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Sweeter Than Hate (Darker Than Love #0.5)
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I shouldn’t have heard the things I did. Shouldn’t have attracted his attention.
Now I feel his stare like a touch. Viscerally. Acutely.
The Russian assassin has me in his sights, and there’s only one way out.
Good thing I’m drawn to danger.
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30 kilometers outside of Budapest, 23 Years Earlier
“Mommy.” The little girl tugs on her mother’s sleeve from the backseat. “Mommy, can I have a cookie?”
She’s bored and hungry. It’s getting dark, and all she can see through the car window are trees and snow. They’re taking the scenic route, Daddy said, a pretty route. But it’s a longer route, and she doesn’t find it all that pretty. She’d much rather they took the train to Grandma Hanna’s place, like always.
“No, my darling. We’ll be having dinner soon.” Her mother turns around in the passenger seat to glance at her. The corners of her blue eyes crinkle with a warm smile, her white-blond hair waving softly around her face as she says, “Just wait a little longer, okay?”
“Okay.” The girl sighs and looks out the window. Trees, snow, trees. The black ribbon of the asphalt winding through the forest. All boring, boring, boring. But she’s a good girl, and she knows better than to whine.
Proper meals are important. Listening to parents is important. And if her mother says there will be dinner soon, she trusts that it is so.
She’s zoning out, half-dozing, when her father suddenly slams on the brakes, bad words she’s only heard on TV flying from his mouth. Her small body jerks forward, kept in place only by the seatbelt cutting into her as the car screeches to a halt.
“Ow!” She rubs her forehead where it hit the hard cushion of the back seat. “Daddy, that hurt!”
“Hush, Mina.” Her father’s voice is strangely tight as he stares straight ahead. “Just be quiet, okay, sweetheart?”
Blinking, the little girl lowers her hand and follows his gaze. Two men are standing in front of the car. Where did they come from? Were they just standing on the road like that?
Is that why Daddy hit the brakes so hard?
One man approaches and knocks on the driver’s window with something hard and pointy.
Her stomach swoops down like a bird, and she suddenly feels cold and dizzy. Because the hard, pointy thing is a gun. And the other man, the one in front of the car, is also aiming a gun at the windshield. Both weapons are black and dangerous-looking, like the ones they show in movies, not bright blue like the toy gun Daddy got her for playing soldiers-and-captives with the neighborhood boys. She’s really good at those types of games, fast and strong despite her tiny build. She can beat all the boys, but she doesn’t have her blue gun with her. And these aren’t boys.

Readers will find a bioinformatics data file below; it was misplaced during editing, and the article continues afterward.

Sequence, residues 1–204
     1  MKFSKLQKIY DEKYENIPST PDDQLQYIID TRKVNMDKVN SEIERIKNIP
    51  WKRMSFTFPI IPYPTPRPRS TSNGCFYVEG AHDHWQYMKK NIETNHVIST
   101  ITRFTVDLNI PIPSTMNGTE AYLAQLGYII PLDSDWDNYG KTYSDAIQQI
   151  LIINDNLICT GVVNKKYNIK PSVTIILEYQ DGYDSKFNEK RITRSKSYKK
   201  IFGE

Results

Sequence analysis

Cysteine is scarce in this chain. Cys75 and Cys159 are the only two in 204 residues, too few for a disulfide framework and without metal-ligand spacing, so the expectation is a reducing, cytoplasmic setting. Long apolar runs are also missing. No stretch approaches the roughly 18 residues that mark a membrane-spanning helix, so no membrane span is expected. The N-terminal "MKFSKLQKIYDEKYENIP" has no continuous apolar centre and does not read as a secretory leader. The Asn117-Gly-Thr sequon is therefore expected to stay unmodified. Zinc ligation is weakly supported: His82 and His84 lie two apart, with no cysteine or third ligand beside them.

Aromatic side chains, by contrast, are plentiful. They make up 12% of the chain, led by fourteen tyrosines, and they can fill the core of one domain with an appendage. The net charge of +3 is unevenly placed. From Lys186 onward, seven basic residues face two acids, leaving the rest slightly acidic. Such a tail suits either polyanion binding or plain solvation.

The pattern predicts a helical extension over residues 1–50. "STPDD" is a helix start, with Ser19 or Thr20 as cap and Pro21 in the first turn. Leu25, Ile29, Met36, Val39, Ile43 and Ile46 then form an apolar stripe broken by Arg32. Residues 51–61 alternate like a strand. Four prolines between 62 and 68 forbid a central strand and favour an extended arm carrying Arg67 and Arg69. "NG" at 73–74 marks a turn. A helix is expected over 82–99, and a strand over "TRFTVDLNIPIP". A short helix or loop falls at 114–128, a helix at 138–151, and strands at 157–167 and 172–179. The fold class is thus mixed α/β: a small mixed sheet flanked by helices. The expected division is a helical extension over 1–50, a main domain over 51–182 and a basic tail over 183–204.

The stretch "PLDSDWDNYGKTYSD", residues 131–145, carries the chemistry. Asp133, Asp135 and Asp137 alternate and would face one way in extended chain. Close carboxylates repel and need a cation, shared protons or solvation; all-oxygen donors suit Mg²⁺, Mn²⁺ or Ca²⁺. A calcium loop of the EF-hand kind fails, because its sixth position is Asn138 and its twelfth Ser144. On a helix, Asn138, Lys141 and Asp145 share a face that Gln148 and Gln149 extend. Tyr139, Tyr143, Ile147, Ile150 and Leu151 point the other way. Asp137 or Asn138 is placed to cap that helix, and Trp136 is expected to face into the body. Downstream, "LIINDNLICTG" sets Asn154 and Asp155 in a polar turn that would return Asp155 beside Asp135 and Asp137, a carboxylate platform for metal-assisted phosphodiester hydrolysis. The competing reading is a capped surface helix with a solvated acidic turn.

She can hear her father’s breathing. It’s fast and ragged as he presses the button to lower the window. The stranger leans down, and her mother chokes back a sob as he presses the gun—the scary-looking black gun—to her father’s temple.
“Get out.” The stranger’s voice is low and mean. “We need the fucking car.”
“P-please.” Her mother’s voice is thin and high, as shaky as her breathing. “Please, don’t do this. W-we have a daughter.”
The stranger’s eyes cut to the girl in the backseat, his cold, cruel stare slicing through her like a knife before he returns his attention to her father. “I said, get the fuck out.”
“Okay, okay. Just a sec.” Her father sounds out of breath as he unlatches his seatbelt. “Come on, honey. Let’s just… let’s go.”
He opens the door and the man yanks him out of the car, causing him to sprawl on the asphalt. Crying audibly, the girl’s mother scrambles out of the car on her own and jerks open the back door, reaching for her daughter’s seatbelt.
The little girl is also crying. She’s never been so scared. It’s freezing outside, and the icy wind bites into her as her mother pulls her out, then reaches back in to grab her coat. She doesn’t understand what’s happening, why these bad men are allowed to do this. Why Daddy doesn’t have a gun of his own so he can stop them. If she had hers, she’d try, even though it’s bright blue and doesn’t look dangerous at all.
The other man, the one in front of the car, comes toward them. Up close, he’s even more terrifying than his partner, his face unshaven and his darting eyes filled with a kind of madness.
“Stop dicking around,” he hisses, his gaze bouncing from his buddy to the girl’s crying mother, who’s putting the coat on the girl with shaking hands, to the girl’s father, who’s hurrying around the car toward his wife and daughter. “We need to go.”
The cold-eyed man gets behind the wheel. “Then let’s go. Get in.” He slams the door shut.
The terrifying man’s gaze darts to him, then again to the girl’s parents—who are now in front of her, shielding her with their bodies.
“Please.” Her father’s voice quavers as he pushes the little girl farther behind him. “Please, you have the car now. Please, go. We won’t tell, I swear. Just… go.”